In the days since The New York Times published a bombshell report filled with sexual-harassment accusations against the film producer Harvey Weinstein, more women are sharing their stories.
3 women have now come forward and accused Harvey Weinstein of rape
Days after the bombshell report from The New York Times, The New Yorker has published an article in which three women accuse Harvey Weinstein of rape.
On Tuesday morning, The New Yorker published an article in which three women accuse Weinstein of rape.
The women told The New Yorker that Weinstein raped them, detailing allegations including Weinstein performing unwanted oral sex, forcing oral sex to be performed on him, and forcing vaginal sex.
Sallie Hofmeister, a spokeswoman for Weinstein, issued this statement in response to the allegations in the article:
"Any allegations of non-consensual sex are unequivocally denied by Mr. Weinstein. Mr. Weinstein has further confirmed that there were never any acts of retaliation against any women for refusing his advances. Mr. Weinstein obviously can't speak to anonymous allegations, but with respect to any women who have made allegations on the record, Mr. Weinstein believes that all of these relationships were consensual. Mr. Weinstein has begun counseling, has listened to the community and is pursuing a better path. Mr. Weinstein is hoping that, if he makes enough progress, he will be given a second chance."
The stories the three women told The New Yorker offer a dramatically different account.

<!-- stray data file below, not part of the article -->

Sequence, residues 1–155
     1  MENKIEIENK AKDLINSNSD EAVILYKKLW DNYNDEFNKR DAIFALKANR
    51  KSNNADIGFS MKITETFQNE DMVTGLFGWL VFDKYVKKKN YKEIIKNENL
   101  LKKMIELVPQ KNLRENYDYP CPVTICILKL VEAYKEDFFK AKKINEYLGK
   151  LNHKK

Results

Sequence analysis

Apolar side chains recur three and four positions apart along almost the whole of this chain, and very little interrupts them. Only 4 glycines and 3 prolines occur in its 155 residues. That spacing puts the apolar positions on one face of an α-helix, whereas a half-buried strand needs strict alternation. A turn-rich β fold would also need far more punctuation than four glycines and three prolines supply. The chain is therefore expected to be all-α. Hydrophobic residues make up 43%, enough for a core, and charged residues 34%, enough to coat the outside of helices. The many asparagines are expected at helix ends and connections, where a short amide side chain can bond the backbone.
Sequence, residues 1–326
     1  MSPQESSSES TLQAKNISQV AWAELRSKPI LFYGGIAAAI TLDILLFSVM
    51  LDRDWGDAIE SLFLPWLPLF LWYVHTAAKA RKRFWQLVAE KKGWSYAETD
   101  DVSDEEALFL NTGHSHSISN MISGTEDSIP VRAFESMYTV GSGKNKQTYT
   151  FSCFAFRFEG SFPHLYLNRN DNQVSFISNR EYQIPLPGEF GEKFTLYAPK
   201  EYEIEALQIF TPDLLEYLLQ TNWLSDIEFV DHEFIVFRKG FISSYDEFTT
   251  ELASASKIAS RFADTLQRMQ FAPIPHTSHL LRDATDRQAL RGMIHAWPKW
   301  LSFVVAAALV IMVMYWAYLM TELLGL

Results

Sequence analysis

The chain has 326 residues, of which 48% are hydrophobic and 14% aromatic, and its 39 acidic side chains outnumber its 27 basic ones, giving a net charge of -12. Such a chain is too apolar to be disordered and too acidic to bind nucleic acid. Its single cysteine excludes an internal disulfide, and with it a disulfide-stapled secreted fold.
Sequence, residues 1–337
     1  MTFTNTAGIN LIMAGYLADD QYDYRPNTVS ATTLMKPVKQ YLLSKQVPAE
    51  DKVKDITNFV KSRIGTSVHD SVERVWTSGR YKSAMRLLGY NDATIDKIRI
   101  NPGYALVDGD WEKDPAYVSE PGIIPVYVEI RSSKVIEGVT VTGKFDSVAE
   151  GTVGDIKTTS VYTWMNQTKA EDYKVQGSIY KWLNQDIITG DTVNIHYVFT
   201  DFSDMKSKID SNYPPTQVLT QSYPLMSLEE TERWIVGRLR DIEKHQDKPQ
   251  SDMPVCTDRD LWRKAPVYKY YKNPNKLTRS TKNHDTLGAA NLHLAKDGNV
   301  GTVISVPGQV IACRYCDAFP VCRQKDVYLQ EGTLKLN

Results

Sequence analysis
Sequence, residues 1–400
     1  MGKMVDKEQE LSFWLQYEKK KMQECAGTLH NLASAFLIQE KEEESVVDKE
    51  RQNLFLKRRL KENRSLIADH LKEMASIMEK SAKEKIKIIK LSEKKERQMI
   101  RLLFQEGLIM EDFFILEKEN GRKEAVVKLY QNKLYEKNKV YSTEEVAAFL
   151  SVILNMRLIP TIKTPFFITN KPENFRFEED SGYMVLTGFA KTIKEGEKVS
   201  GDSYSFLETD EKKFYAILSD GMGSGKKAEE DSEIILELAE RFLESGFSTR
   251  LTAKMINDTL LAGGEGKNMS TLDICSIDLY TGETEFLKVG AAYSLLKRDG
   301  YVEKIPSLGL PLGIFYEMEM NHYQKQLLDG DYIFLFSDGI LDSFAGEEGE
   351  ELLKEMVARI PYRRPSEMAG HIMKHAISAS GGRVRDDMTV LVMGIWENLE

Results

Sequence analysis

Asia Argento, an Italian film actress and director, told The New Yorker that Weinstein forced oral sex on her 20 years ago. Argento said she did not speak out until now because she was scared Weinstein would "crush" her. "I know he has crushed a lot of people before," Argento told the publication in an interview. "That's why this story — in my case, it's 20 years old, some of them are older — has never come out."
Weinstein "terrified me, and he was so big," she said. "It wouldn't stop. It was a nightmare." Argento told The New Yorker she eventually started to pretend she enjoyed the assault with the hope that doing so would make it end sooner.
The New Yorker also described the account of a woman named Lucia Evans, who the magazine said gave Weinstein her number in 2004 when she was an aspiring actress and college student. The magazine said Weinstein started calling her late at night asking to meet, offers she declined. It said that she eventually met Weinstein at the Miramax office in New York City during the day and that after both demeaning her and complimenting her (he told her she should lose weight) he forced her to perform oral sex on him.
"I said, over and over, 'I don't want to do this, stop, don't,'" Stoller told The New Yorker. "I tried to get away, but maybe I didn't try hard enough. I didn't want to kick him or fight him. He's a big guy. He overpowered me. I just sort of gave up. That’s the most horrible part of it, and that’s why he's been able to do this for so long to so many women: People give up, and then they feel like it's their fault."
Another woman, who The New Yorker said was afraid to allow her name to be published, told the magazine that Weinstein brought her to a hotel room for what she expected to be a professional meeting; she said he then changed into a bathrobe and forced himself on her sexually.
The woman told The New Yorker that she had thought about going to the police at the time but was intimidated by Weinstein's power and worried about losing her job. "He drags your name through the mud," she said, "and he'll come after you hard with his legal team."
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